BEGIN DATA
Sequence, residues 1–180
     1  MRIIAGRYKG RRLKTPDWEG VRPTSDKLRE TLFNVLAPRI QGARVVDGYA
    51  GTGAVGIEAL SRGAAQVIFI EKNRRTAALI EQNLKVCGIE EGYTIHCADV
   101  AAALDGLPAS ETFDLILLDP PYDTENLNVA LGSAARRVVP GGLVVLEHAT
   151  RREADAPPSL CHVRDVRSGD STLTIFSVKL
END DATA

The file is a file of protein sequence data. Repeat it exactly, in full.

Sequence, residues 1–180
     1  MRIIAGRYKG RRLKTPDWEG VRPTSDKLRE TLFNVLAPRI QGARVVDGYA
    51  GTGAVGIEAL SRGAAQVIFI EKNRRTAALI EQNLKVCGIE EGYTIHCADV
   101  AAALDGLPAS ETFDLILLDP PYDTENLNVA LGSAARRVVP GGLVVLEHAT
   151  RREADAPPSL CHVRDVRSGD STLTIFSVKL